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and its partners in asia do that. i think it should be more in the security field. >> all right. thank you. appreciate you being here. still ahead, president obama defending his counterterrorism strategy. we'll look at his legacy and advice for the trump administration when we come back. g new cars.
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during his last official visit to tampa, florida this week president obama defended his anti-terror legacy telling troops that real progressed been made during his eight years in office and offering what he called a sustainable strategy for future administrations. >> rather than offer false
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promises that we can eliminate terrorism by dropping more bombs or deploying more troops or fencing ourselves off from the rest of the world, we have to take a long view of the terrorist threat and we have to pursue a smart strategy that can be sustained. we need the wisdom that adhering to the rule of law is not a weakness in the long term, it is our greatest strength. >> we're back with dan hen i ger and bill strausle. mary what do you make of that defense by the president. >> he is taking a long term view and accepting the terrorist threat and letting it grow on his watch. president obama is leaving president elect trump with a more dangerous world than he inherited from president bush. >> he would push back and say i got ben laden and al qaeda has been diminished in afghanistan
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and elsewhere and nobody has attacked the homeland from afar. i'm giving what he would say. and your response? >> first of all, isis covers a far wider geographic territory than al qaeda ever did. they're in north and east africa and the middle east. >> that's on his watch. >> and you have putin going into eastern ukraine. you have the issue of the south china sea with naval ships. you have north korea testing nuclear weapons. when i say this is a far more dangerous world it is not just in comparison to bush but it's the most dangerous world we've seen since the end of world war ii. >> the drone strikes have taken out a lot of terrorist leaders, afghanistan, pakistan and the
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middle east. >> he gets criticism from the left from that. >> he has indeed for killing from afar. when he talks about the long view he's right because he's set up a world which is going to be in a sense a stalemate, endless conflict in middle east, in afghanistan where both sides -- it's not as though nothing's going on. this is tremendously huge battles taking place like in syria and he did nothing to push it forward. it's just a stalemate and he seems willing to settle for a world which is in endless conflict. >> if you listen to that speech he really did -- >> this is obama making good on his promises. if you go back to his inaugural address where he talks about leaving iraq and afghanistan, this man has been sounding the retreat since he became president. in his speech announcing the 30,000 surge in afghanistan, the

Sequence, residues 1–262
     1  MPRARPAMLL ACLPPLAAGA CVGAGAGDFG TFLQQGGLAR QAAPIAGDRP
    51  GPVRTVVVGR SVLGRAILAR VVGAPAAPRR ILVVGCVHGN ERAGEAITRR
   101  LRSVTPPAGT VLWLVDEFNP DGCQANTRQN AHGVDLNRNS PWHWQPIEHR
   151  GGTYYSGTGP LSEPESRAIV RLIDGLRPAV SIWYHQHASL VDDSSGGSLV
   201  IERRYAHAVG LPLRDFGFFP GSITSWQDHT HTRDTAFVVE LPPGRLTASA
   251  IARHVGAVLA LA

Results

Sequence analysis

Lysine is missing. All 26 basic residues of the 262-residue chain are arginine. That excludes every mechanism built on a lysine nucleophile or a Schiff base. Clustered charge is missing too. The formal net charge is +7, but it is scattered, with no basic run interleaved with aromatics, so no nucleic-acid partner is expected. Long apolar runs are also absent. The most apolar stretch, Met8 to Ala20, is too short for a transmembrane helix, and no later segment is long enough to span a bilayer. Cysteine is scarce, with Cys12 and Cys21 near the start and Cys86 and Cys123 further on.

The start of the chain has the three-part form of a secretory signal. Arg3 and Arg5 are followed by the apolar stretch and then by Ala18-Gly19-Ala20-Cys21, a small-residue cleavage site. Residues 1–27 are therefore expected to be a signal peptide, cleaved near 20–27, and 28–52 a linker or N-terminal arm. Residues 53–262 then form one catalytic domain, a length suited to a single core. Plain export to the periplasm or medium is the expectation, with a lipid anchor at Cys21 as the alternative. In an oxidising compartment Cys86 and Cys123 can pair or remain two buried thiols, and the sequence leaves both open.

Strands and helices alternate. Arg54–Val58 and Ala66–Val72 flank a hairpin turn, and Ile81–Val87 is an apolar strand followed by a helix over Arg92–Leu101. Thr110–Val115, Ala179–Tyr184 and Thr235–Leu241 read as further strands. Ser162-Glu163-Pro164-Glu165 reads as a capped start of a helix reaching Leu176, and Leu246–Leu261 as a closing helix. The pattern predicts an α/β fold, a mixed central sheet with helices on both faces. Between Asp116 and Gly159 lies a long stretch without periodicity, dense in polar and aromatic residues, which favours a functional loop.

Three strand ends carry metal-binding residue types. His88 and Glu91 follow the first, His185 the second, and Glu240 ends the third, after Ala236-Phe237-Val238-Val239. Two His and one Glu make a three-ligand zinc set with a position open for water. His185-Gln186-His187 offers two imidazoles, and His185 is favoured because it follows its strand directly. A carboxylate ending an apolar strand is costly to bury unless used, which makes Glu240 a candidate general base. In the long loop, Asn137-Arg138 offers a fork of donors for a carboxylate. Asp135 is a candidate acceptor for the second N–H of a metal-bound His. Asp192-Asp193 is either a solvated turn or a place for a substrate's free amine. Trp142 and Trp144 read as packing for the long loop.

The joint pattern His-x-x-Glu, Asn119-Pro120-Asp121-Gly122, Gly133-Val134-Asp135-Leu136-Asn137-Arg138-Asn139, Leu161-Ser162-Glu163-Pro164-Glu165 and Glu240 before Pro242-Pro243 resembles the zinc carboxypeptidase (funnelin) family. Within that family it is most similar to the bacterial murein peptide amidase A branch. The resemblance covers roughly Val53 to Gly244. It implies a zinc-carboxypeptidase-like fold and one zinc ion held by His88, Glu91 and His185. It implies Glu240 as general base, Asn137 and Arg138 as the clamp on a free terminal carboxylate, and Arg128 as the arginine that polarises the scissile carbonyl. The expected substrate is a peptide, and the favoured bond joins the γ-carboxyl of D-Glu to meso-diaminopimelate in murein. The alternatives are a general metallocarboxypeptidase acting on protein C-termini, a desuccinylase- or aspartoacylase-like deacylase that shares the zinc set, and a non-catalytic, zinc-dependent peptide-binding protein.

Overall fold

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next sentence he announced when we would start to get out. he's kind of frozen in time too. he's a lawyer. he parsed his words. core al qaeda meaning just al qaeda and no foreign terrorist organization has successfully planned, now the threat is different. they're inspired, they're radicali radicalized. if we want to get a read of his legacy we should go around to tehran they would have a different view. >> how is donald trump going to be different than barack obama. >> he has been vague on this. we know his broad promises which he says he's going to hit isis very hard and destroy terrorists harder than anything that's ever happened before, but also doubling down on his promise to not commit troops to places and
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not have a bigger footprint in the world. >> which may be a condition dicti tra diction. >> he's picked aggressive people to serve in the department of defense and other places. we'll see what they come up with a strategy for doing this, but at the moment he hasn't said too much that would be a big change in what we're doing now. >> he's not going to try to close begguantanamo. he may send enemy combatants where they are not normal prisoners of war. >> let's hope so. obama's legacy is not just a legacy of american retreat, obama made deals with countries that don't share our interests or values, with iran and cuba. donald trump may take a different view of those arrangements. donald trump may not view
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casualties the same way that president obama did. obama said he saw the problems of the middle east as a problem with islam and americans are collateral damage in that fight. >> obama's speech was a defense of the idea of leading from behind and that's what he has done for eight years. the question is will donald trump lead from the front and reassert world leadership of the united states. >> that's a good question. i'm not sure i know the answer to that. i think he is in many ways in the campaign mimicked president obama's rhetoric about not intervening abroad and i think that resonated with a lot of americans and i'm not so sure other than bombing from afar he's going to do much different. >> there were ecos in obama's speech about what trump has said about not getting involved in nation building and not having troops overseas. still ahead, donald trump's battle with big business continues as he warns another
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we love our companies and we love it when they're employing thousands of people, but we don't love our companies when they leave and go to another country and think they can make their product and sell it back into our country like they're a bunch of fools like they've been getting away with for the last 35 years. >> president-elect donald trump